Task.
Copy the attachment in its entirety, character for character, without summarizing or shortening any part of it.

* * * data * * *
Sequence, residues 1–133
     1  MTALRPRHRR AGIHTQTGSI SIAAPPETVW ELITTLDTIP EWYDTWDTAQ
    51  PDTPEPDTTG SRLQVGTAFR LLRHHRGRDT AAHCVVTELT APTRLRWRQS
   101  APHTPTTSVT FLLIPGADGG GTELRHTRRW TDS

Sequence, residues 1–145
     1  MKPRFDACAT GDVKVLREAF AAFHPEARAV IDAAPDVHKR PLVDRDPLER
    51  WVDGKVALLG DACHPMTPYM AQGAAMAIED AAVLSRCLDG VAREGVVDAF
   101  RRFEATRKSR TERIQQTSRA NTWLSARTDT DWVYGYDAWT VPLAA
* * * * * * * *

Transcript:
Sequence, residues 1–133
     1  MTALRPRHRR AGIHTQTGSI SIAAPPETVW ELITTLDTIP EWYDTWDTAQ
    51  PDTPEPDTTG SRLQVGTAFR LLRHHRGRDT AAHCVVTELT APTRLRWRQS
   101  APHTPTTSVT FLLIPGADGG GTELRHTRRW TDS

Sequence, residues 1–145
     1  MKPRFDACAT GDVKVLREAF AAFHPEARAV IDAAPDVHKR PLVDRDPLER
    51  WVDGKVALLG DACHPMTPYM AQGAAMAIED AAVLSRCLDG VAREGVVDAF
   101  RRFEATRKSR TERIQQTSRA NTWLSARTDT DWVYGYDAWT VPLAA